But the Philharmonic Society adopted the Diapason Normal in 1896, and the military bands have not gone with it.
But Zarlino uncompromisingly declared that the syntonous or intense diatonic scale was the only form that could reasonably be sung; and in proof of its perfection he exhibited the exact arrangement of its various diatonic intervals, to the fifth inclusive, in every part of the diapason or octave.
The vibration number stated in the edict establishing the Diapason Normal is 870 (435), which for comparison will be here adhered to.
Other countries have gradually followed, and, with few exceptions, the low pitch derived from the Diapason Normal may be said to prevail throughout the musical world.
This is about a semitone below the Diapason Normal, and a just minor third lower than the St Jacobi organ in the same city (1688), measured by Herr Schmahl, a' 489.2.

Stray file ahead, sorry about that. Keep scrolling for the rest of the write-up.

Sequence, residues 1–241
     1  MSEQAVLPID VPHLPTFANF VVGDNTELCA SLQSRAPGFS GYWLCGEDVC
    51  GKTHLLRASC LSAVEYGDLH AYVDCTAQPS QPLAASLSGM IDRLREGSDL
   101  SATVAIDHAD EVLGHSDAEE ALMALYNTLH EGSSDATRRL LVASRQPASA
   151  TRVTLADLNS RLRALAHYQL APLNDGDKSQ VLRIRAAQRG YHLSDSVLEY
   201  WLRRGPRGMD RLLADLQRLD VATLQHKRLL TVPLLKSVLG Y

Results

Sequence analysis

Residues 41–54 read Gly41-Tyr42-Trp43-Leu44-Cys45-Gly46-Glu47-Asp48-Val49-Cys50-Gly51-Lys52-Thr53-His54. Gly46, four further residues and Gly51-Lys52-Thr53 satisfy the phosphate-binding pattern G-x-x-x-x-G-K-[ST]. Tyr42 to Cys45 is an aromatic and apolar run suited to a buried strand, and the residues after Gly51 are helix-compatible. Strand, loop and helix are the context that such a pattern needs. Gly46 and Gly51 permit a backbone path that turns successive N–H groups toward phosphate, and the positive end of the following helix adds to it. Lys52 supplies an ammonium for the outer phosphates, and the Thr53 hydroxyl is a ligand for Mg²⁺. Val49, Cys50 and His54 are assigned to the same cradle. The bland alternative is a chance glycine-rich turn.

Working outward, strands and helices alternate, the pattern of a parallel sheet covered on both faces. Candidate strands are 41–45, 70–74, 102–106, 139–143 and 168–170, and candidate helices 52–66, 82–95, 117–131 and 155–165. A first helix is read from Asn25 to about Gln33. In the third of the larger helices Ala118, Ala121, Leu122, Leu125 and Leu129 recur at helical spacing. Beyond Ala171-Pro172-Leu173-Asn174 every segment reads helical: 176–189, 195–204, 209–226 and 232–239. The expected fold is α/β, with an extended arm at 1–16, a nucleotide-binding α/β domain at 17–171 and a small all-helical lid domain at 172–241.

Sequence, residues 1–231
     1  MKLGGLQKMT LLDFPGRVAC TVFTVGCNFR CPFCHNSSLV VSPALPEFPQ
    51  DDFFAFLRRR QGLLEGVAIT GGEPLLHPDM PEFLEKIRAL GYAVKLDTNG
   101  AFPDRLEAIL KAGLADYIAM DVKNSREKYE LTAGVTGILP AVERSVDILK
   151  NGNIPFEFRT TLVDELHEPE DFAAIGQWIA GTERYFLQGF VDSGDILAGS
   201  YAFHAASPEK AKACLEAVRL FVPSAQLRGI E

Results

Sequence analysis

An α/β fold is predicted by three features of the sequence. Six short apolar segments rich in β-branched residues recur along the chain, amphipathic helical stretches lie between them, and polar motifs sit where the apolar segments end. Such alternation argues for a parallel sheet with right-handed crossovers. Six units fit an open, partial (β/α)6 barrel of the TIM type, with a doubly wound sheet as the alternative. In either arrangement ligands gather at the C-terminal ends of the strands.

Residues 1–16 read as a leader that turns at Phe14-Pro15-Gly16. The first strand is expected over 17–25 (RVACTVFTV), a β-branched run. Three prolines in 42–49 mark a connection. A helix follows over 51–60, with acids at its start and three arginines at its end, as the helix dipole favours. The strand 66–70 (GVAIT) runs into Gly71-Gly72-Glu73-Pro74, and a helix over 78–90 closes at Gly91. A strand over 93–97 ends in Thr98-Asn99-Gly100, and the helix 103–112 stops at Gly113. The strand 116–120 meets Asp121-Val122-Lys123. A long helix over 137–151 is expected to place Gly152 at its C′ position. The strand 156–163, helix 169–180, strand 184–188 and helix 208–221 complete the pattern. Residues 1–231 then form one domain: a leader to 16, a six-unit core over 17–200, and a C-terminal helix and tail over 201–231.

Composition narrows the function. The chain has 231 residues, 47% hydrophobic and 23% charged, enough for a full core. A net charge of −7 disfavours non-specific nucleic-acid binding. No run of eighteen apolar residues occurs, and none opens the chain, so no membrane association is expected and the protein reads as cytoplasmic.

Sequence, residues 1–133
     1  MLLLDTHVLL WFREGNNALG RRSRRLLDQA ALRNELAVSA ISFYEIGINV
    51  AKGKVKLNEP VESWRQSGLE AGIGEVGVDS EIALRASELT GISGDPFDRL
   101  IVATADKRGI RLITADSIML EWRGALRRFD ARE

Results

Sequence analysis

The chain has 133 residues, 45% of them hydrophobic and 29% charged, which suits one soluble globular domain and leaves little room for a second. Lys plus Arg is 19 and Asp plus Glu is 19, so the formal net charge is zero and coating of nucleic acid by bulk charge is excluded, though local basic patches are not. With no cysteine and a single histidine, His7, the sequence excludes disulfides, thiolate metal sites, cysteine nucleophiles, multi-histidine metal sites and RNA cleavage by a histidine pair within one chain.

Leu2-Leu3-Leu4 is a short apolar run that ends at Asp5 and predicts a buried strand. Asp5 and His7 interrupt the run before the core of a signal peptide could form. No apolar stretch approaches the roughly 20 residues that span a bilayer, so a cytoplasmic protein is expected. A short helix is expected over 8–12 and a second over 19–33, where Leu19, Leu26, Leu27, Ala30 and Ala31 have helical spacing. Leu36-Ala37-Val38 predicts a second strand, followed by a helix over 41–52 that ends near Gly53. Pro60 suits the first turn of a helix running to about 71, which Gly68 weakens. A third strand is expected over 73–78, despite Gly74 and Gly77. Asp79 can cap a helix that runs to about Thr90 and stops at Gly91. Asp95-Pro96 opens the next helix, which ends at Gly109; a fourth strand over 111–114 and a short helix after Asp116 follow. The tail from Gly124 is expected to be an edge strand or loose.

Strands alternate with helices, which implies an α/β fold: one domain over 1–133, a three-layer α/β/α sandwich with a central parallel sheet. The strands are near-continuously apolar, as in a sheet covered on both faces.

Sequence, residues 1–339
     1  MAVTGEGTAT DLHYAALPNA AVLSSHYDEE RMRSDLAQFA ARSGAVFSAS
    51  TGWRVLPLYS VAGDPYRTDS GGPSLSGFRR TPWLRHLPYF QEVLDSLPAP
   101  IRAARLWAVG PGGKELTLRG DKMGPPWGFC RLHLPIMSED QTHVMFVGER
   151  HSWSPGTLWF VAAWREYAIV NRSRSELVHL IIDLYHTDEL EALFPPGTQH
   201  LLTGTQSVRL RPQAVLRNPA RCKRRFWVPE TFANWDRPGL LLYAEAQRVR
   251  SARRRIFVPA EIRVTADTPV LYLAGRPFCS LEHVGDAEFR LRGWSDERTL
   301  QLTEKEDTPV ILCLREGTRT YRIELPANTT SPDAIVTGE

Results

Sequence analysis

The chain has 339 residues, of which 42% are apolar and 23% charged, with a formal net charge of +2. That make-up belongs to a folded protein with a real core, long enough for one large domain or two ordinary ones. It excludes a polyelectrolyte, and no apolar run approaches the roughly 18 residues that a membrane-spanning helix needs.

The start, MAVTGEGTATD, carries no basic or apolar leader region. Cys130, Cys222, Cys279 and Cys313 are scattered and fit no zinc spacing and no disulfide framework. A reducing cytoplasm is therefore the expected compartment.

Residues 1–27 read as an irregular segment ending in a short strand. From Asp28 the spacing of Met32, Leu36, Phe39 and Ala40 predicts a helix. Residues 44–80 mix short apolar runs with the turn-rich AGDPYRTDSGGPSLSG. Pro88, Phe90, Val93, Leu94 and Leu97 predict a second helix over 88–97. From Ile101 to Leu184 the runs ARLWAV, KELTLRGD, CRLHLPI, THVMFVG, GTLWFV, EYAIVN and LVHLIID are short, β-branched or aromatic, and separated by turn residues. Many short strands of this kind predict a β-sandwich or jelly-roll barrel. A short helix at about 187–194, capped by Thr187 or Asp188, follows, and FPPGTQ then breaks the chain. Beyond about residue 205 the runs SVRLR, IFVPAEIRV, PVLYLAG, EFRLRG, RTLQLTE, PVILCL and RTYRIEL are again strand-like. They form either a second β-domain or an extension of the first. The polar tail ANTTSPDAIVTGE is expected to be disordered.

It was the irrepressible upward tendency that caused the French government in 1859, acting with the advice of Halevy, Meyerbeer, Auber, Ambroise Thomas and Rossini, to establish by law the Diapason Normal.
Sir Frederick Gore Ouseley (vide Ellis's lecture) regarded the French ton de chapelle as being about a minor third below the Diapason Normal, a' 435, and said that most of the untouched organs in the French cathedrals were at this low pitch.